A new and frank report by the Congressional Budget Office (CBO) shows that rising health-care costs and an ageing population mean that federal “entitlement” programmes—notably for Medicare, Medicaid and Social Security (pensions)—will claim a much higher share of the country's economic output over the coming decades. Currently, Social Security funds run a surplus that helps to finance other parts of government. But by 2015 surplus will swing to deficit, and by 2030, on current policy, the cost of Social Security will have risen from 4.2% of GDP to 5.9%.

Spending on pensions pales in comparison with health care. The range of estimates is necessarily vague, since they involve assumptions about the future rate at which health-care costs will grow faster than per-head GDP each year: since 1970, the “excess-cost growth” for retired people on Medicare has been around 3%. The CBO calculates that, if future excess-cost growth of both Medicare and Medicaid was only 2.5%, then federal spending on these programmes would jump from 3.9% of GDP in 2003 to 21% in 2050.

It is clear that holding back the growth in non-entitlement (or “discretionary”) programmes, such as defence and transport, will not be enough to ensure a sustainable budget in the long run. Unless entitlement programmes are cut too, or taxes raised to unprecedented levels, or both, the country is on a financially unsustainable path over the next half-century. “An ever-growing burden of federal debt held by the public”, the CBO concludes, “would have a corrosive and potentially contractionary effect on the economy.”

http://www.j-bradford-delong.net/movable_type/2003_archives/003011.html

The IMF said surging U.S. budget deficits will drive up interest rates world-wide by as much as a percentage point, hampering investment and growth.

http://online.wsj.com/article/0,,SB107348411916387800,00.html

"We feel there is a substantial risk that the foreign investors" appetite for U.S. assets, and in particular U.S. government assets, will over time diminish," said Charles Collyns, who heads the IMF team that monitors the U.S. economy.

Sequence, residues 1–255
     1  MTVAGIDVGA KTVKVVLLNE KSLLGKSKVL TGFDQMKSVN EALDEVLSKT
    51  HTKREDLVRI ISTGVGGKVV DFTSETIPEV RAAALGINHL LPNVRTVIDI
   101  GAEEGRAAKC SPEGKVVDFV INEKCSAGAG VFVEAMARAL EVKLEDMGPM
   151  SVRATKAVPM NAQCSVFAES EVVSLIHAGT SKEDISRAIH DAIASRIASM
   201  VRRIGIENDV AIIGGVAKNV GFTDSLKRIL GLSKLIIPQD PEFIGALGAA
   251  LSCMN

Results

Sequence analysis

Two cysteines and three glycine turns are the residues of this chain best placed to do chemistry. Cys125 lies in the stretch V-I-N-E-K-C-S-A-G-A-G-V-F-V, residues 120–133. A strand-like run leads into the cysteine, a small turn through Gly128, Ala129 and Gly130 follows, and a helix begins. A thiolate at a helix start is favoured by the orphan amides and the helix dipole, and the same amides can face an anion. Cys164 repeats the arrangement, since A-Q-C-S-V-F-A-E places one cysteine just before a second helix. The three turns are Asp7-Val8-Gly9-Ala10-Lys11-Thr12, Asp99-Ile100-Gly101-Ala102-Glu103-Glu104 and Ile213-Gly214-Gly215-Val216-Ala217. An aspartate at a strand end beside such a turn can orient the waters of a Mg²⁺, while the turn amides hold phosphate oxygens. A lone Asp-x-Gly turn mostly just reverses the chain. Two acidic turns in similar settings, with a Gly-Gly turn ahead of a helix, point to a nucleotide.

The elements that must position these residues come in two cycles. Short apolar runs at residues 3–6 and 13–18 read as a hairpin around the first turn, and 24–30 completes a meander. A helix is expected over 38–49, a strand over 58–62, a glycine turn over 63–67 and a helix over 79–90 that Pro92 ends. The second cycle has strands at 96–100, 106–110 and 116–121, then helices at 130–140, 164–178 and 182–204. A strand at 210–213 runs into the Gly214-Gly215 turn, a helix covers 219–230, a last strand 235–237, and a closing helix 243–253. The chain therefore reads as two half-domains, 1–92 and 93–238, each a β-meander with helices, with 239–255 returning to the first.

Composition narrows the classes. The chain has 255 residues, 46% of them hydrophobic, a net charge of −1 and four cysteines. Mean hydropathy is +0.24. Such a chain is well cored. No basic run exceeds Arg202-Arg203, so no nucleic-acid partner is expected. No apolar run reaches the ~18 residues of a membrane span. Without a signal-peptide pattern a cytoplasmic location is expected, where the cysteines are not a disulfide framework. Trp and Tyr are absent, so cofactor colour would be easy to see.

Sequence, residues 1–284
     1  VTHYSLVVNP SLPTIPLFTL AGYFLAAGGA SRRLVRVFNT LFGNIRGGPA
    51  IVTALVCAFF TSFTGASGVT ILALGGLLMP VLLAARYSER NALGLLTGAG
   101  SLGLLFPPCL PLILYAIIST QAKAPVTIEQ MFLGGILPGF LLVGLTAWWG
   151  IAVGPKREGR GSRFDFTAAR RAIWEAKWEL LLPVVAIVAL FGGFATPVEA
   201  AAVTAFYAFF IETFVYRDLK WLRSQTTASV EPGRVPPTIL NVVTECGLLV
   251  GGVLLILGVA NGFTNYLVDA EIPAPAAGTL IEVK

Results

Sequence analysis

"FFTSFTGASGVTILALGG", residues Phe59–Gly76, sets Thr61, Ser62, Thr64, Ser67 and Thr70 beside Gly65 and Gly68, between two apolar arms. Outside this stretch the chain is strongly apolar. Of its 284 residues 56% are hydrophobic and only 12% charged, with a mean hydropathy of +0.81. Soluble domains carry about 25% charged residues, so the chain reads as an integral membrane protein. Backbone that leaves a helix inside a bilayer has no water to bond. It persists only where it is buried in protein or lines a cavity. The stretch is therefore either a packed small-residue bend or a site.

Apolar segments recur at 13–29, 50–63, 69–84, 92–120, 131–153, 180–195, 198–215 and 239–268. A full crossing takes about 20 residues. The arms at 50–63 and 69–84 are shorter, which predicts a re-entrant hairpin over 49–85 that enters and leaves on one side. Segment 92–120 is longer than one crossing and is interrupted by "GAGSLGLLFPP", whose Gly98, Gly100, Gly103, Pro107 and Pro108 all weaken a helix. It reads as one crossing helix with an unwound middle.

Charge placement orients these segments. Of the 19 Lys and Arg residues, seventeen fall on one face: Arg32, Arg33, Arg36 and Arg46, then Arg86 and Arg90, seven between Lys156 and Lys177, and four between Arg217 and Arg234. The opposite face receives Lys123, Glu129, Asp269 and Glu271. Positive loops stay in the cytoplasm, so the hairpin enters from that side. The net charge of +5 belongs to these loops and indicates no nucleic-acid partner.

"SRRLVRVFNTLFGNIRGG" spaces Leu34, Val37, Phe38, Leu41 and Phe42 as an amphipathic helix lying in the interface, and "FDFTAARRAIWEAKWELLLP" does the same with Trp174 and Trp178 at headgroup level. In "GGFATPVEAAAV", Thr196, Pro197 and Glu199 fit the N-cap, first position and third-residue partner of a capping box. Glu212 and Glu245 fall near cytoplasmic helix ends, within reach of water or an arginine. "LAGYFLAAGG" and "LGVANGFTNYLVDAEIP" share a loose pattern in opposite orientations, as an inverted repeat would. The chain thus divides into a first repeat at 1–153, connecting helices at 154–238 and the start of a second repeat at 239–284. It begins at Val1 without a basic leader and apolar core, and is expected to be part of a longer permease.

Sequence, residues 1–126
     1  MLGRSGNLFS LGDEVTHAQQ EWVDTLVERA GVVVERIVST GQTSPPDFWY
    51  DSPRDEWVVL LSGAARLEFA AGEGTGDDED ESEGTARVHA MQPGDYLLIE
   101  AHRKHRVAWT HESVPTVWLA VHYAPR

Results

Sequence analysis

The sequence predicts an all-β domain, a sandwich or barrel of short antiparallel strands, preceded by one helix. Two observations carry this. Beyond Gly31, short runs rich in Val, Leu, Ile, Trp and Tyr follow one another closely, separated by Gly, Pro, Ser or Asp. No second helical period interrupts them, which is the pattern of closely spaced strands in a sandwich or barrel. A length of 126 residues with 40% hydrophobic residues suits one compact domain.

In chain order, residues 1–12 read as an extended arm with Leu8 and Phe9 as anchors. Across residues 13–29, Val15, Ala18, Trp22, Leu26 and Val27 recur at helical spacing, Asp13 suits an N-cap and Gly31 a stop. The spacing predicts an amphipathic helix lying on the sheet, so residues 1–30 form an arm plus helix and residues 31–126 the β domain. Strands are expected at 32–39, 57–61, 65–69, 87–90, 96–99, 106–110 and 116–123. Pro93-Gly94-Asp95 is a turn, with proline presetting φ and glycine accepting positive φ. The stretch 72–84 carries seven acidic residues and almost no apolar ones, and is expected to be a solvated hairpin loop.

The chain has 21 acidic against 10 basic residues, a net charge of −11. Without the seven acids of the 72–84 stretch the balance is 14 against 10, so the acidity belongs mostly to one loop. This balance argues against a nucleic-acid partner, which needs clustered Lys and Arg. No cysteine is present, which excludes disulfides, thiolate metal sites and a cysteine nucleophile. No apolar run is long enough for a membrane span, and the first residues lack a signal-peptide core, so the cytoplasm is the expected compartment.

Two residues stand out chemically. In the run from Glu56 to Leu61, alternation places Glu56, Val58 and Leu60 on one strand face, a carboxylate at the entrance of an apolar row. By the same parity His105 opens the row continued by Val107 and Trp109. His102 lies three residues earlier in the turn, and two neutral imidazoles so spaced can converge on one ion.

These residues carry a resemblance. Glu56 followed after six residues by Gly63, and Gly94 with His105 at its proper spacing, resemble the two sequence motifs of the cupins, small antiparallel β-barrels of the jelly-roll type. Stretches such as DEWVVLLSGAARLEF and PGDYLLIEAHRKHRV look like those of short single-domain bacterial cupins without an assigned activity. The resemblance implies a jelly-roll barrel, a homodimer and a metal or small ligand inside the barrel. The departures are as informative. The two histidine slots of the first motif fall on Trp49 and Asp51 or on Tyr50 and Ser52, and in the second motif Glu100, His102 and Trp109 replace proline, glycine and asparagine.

"We think to some degree over the past year this has occurred, and this is one of the reasons why there has been weakness in the U.S. dollar." He added that the U.S. government finances are "perilous."

http://chronicle.com/free/v50/i18/18a01901.htm

[The improvement in the economy, as reflected by the general decline in unemployment claims, has lifted state tax receipts and therefore helped improve state budgets. The improvement in state tax receipts also bodes well for federal receipts.]

http://www.boston.com/business/markets/articles/2004/01/07/treasuries_gain_as_auction_has_strong_bid/

[On Wednesday the Treasury auctioned $16 billion in 5-year notes at a rate of 3.260%. With a bid/cover ratio of 2.51, the most in over three years, demand was strong, especially from foreign central banks who purchased up to 40% of the auction.]

http://quote.bloomberg.com/apps/news?pid=10000039&sid=a.bjy2wz24yY

[H]olding dollar assets allows Asian central banks to avoid the thing that scares governments: a falling dollar. Asia worries a continued drop in the currency of the world's biggest economy will choke off its post-1997-crisis recovery. So, for better or worse, the dollar remains king and will remain as such until Asians turn to the euro.

http://www.pimco.com/LeftNav/Late+Breaking+Commentary/FF/2004/ff_01_04.htm

[T]he currency of the global policy realm [is] brute force reflation, with a declining dollar playing the role of the brute.